In recent years many professionals have turned to writing on topics related to Hinduism and Indian history. It is a welcome trend for many good reasons. Not all of these people might be historians by education but they are still very impressive.
Saswati Sarkar and others have recently published a very thorough series on “Indic Mercantile Collaboration with Abrahamic Invaders”. The series has evoked mixed response from people across the political spectrum. Here however I am making a humble effort to point out a fundamental flaw in the research and its conclusions.
Historians have no clue about survivorship bias, so they mistake visible properties for properties. – Nissim Nicholas Taleb
Taleb’s observation applies perfectly to Saswati’s research. Despite all the efforts authors have put in; they ignore survivorship bias and incorrectly blame “mercantile class” for their perceived sin of colluding with invaders.
Understanding Survivorship Bias
“A lot of people die of cancer these days. During our time hardly anyone died of cancer. This is because of this pollution, GMOs and other human interference in forces of nature.” says an old man.
While his observation might be correct he is completely wrong about the causes. The real reason why so many people die of cancer these days is because a lot of other diseases have been eliminated and hence all those people who did not die of TB, Leprosy, Asthma etc. now have to die of some robust disease that has survived human innovation. What the old man has missed is the fact that Cancer has survived whereas as other diseases have not. Humans are indeed living longer and in a better world than before.
War, colonialism, oppression all involve wealth. Wealth is created through trade. People who engage in trade are merchants. Together they are called the mercantile class. No war or colony is possible without significant involvement of mercantile class. Many times this war machine or colony needs so much wealth that no one can be a merchant without having some stake in the war or a colony.
Now imagine a patriotic merchant who decides he will not-cooperate with Islamic invaders or British colonial masters. Such merchant will get out of business sooner or later and someone who is more opportunistic will rise up the ladder quickly becoming the “mercantile class”. This is a “heads I win, tails you lose” situation where an outsider will always think that mercantile class is so shameless to have conspired along with foreign invaders.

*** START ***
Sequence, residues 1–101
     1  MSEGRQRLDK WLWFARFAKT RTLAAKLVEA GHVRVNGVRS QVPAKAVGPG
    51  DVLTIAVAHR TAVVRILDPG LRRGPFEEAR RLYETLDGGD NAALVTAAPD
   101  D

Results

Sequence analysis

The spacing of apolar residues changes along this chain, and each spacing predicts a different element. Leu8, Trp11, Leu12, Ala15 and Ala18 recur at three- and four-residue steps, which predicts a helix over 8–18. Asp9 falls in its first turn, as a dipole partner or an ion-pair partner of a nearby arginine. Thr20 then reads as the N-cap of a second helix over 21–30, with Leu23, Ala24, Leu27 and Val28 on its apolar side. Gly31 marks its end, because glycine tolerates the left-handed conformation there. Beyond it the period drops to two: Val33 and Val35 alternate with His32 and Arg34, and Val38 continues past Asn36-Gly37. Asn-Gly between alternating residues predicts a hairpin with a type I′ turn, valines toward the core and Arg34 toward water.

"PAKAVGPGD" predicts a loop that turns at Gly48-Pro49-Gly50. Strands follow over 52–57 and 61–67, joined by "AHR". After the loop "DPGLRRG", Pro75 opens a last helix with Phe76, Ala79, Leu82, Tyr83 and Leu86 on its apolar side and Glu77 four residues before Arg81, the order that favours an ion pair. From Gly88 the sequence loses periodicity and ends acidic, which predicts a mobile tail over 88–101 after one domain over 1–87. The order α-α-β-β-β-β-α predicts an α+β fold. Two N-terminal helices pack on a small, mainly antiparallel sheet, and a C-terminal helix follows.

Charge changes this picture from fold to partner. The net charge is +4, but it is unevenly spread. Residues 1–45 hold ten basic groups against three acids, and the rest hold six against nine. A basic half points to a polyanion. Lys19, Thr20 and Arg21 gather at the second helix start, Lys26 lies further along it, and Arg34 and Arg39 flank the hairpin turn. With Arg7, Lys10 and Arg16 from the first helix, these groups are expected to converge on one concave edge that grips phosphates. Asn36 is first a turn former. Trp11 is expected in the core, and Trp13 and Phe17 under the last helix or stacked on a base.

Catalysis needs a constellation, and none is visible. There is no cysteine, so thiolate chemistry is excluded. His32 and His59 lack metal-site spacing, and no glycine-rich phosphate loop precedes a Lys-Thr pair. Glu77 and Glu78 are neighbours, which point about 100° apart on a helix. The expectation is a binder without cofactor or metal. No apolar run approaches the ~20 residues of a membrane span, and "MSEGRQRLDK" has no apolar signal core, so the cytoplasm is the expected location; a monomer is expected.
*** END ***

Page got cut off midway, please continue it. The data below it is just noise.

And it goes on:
During the Islamic or British rule some % of these communities must have used their traditional expertise in trade to help these foreign rulers and benefit from it and as they profited they “became” the mercantile class. It is also perfectly possible that many merchants might have stuck to their principles and might have lost their wealth and hence they stopped being “mercantile class”.
Blaming mercantile class here is a mistake because you are falling for the survivorship bias.
What was the ideal scenario authors where hoping for and how plausible was it?
A good way to analyze this situation is by trying to understand the “alternative scenario”. What if the mercantile class as the authors think of them were actually very homogenous and had acted to despise the foreign rulers. What could have happened in such a case?
Clearly the opportunities for trading would have got lapped up by some other community. What if all those communities were also equally homogenous and collectively had refused to trade with foreign rulers? In that case however the foreign rulers would have got frustrated. They would have then resorted to rampage or simply left the colony.
But you need to understand what you are really asking here. You are asking all people be unselfish and make exact same choice even though there might massive windfall profits to be made by making a selfish choice. Nowhere in history has such a thing happened. All people making same choice despite opposite incentives is always a human fantasy. Communism too is based on on similar fantasy and hence typically fails.
Imagine that community X had refused to work with Islamic and British rulers. Wouldn’t it mean that this community over time would become poor and poorer? So when in 2017 someone like Saswati writes about Indian history would she note that community X refused to collude with the foreign rulers? Of course not, because the community X would not be remembered as mercantile class anymore.
Mistaking individuals for a group
Another classic mistake that authors make is to attribute actions of few people to the entire group.
Let me give a completely different example. Almost all the major brands in Piano industry are German. American brands like Steinway and Schnabel, Wurlitzer organ etc. are German. Germans dominated Piano making in Tsarist Russia, England, France, Australia and elsewhere.